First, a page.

Hackers are distributing a new module for the Trickbot malware through a phishing campaign. The update renders the Trojan variant capable of obtaining VNC, PuTTY, and remote desktop credentials.
Hackers are spreading the latest updates through a phishing campaign in which spam emails purporting to offer help with recent changes to the U.S. tax code to reduce tax bills are used to trick recipients into downloading the malware.
Trojans are malware variants that are disguised as benign or useful pieces of software. They are installed under false pretences, as the user is often tricked into believing that they serve a legitimate purpose. Once executed on a server, the hacker can then gain access to the system and steal valuable information for nefarious purposes. The Trojans are often installed through a phishing campaign.
The hackers have spoofed the accounting organisation Deloitte in the emails. The subject line has tax incentive-related title, thereby enticing unsuspecting users to open the emails. The emails contain an Excel file (XLSM) attachment that contains a malicious macro that downloads the Trickbot Trojan. The latest Trickbot variant includes an updated pwgrab module with three new functions for Virtual Network Computing (VNC), PuTTY, and RDP. The malware is capable of obtaining credentials for these platforms, along with hostnames, port, and proxy settings and exfiltrates the data to the attacker’s C2 servers.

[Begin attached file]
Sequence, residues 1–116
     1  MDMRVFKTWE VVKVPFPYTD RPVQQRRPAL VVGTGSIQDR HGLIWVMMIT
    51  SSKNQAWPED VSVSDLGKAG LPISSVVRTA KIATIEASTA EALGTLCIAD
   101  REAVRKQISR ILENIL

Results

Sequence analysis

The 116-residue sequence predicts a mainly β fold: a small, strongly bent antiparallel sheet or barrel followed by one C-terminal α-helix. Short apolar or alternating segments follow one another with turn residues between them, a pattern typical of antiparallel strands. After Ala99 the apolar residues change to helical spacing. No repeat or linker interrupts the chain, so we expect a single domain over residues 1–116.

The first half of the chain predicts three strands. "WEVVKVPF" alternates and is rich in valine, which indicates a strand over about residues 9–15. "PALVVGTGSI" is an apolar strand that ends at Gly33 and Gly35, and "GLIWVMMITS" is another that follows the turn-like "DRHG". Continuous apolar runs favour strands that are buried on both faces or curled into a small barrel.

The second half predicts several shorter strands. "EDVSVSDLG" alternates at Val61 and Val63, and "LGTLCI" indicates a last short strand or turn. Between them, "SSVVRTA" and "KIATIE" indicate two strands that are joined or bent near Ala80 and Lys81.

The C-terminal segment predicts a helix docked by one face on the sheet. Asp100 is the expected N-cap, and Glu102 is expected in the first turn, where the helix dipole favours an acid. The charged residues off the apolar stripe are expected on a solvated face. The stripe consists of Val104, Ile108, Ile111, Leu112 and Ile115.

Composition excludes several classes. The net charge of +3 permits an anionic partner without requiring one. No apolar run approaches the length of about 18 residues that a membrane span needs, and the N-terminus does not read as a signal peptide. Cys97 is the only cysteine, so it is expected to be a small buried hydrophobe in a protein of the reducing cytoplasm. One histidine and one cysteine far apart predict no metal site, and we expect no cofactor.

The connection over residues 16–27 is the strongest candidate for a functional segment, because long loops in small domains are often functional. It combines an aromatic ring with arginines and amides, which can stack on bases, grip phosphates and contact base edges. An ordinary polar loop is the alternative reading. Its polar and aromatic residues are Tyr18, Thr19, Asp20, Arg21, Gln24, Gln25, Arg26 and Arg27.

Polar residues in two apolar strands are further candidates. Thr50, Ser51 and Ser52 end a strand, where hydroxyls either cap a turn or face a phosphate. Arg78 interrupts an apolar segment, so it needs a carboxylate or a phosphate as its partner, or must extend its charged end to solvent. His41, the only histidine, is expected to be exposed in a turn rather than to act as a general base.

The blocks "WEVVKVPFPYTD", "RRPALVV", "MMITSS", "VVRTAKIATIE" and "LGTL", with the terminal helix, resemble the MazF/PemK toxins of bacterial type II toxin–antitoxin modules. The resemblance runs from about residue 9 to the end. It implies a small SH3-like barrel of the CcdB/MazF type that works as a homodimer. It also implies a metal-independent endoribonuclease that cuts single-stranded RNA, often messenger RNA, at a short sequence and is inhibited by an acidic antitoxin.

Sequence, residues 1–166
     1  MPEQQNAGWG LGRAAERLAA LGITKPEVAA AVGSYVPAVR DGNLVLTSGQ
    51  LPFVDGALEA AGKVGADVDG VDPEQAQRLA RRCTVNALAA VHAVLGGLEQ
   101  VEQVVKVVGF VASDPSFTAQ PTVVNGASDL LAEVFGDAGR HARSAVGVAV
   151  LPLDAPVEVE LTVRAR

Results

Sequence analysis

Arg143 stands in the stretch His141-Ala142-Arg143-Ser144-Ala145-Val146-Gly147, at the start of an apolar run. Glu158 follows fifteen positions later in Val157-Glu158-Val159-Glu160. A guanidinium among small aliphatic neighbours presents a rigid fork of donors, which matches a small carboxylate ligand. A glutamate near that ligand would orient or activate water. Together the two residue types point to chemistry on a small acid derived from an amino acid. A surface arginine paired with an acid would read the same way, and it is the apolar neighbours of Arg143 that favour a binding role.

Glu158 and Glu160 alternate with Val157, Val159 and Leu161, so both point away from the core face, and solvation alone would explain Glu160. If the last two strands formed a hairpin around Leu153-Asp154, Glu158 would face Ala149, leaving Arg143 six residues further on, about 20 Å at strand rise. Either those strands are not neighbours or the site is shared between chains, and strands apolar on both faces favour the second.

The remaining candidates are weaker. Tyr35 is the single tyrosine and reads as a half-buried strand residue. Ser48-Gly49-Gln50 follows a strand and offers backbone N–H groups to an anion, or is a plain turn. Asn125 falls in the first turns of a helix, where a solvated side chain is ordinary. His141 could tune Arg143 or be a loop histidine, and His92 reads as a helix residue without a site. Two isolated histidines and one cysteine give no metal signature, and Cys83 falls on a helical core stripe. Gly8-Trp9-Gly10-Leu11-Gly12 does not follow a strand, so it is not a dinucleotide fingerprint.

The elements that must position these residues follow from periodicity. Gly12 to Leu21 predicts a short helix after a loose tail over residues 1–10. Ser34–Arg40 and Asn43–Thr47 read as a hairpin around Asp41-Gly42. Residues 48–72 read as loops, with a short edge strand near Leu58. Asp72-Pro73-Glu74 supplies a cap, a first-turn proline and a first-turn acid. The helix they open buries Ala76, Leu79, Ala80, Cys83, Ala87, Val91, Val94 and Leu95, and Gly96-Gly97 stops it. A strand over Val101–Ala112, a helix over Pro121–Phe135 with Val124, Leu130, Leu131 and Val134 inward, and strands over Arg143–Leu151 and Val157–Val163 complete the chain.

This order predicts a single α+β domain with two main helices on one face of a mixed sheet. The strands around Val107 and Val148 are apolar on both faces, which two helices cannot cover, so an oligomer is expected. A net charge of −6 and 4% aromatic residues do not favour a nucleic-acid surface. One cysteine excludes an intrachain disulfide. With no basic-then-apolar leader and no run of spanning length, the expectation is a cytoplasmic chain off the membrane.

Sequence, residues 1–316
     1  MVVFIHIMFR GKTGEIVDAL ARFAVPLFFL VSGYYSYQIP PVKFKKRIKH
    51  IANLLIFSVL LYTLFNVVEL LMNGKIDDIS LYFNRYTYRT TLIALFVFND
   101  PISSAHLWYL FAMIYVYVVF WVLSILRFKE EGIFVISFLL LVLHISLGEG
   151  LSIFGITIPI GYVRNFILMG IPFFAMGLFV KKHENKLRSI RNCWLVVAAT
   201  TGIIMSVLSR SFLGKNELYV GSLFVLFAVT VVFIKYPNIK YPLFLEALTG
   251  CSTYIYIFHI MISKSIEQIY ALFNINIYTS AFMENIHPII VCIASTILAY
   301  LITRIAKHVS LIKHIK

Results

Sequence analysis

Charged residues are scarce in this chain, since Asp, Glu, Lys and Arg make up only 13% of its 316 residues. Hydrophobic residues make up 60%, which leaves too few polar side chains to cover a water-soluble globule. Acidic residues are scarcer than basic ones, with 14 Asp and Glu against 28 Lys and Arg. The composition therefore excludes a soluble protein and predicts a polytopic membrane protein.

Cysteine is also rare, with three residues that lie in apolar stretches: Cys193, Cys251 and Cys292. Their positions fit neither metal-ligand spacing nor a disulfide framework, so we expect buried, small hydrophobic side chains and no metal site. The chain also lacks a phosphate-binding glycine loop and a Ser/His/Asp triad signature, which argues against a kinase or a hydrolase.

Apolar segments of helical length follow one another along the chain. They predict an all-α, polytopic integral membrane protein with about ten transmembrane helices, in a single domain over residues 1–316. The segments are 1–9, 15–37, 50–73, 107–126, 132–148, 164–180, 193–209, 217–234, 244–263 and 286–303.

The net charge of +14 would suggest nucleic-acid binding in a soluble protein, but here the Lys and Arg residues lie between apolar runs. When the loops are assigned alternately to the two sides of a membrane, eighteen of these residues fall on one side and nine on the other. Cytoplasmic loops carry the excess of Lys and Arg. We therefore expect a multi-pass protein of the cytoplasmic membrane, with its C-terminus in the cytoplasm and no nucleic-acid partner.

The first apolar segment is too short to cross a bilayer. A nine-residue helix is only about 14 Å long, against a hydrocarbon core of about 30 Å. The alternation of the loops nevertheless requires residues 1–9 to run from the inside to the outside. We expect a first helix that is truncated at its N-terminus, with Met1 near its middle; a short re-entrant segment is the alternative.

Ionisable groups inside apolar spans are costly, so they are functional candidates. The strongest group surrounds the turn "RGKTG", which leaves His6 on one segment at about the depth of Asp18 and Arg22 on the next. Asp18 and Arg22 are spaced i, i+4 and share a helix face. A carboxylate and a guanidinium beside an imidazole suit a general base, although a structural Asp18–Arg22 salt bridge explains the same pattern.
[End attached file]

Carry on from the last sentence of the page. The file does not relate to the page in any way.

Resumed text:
Hackers frequently issue updates for the Trickbot Trojan. The updates include anti-analysis protection and the ability to disable some security tools. The pwgrab password-stealing module was added to the Trojan in November 2018.
Trend Micro identified the latest version of the Trojan in January 2019. Trend Micro notes that the latest updates make this already dangerous malware even more of a threat.
Phishing attacks pose significant threats to a wide variety of industries, including the financial and healthcare sectors. Organisations should endeavour to ensure that they have robust and updates cybersecurity safeguards in place to minimise the number of spam emails reaching employee inboxes. It only takes one employee to fall for a scam for a network to be compromised, so the fewer chances the hackers have, the better.
Employees should receive security awareness training, such as how to spot suspicious emails. Employees should be warned not to open emails or download attachments from unknown senders. If they do make an error, employees should be encouraged to notify the IT department of their mistake so that the proper procedures can be followed to rectify the error.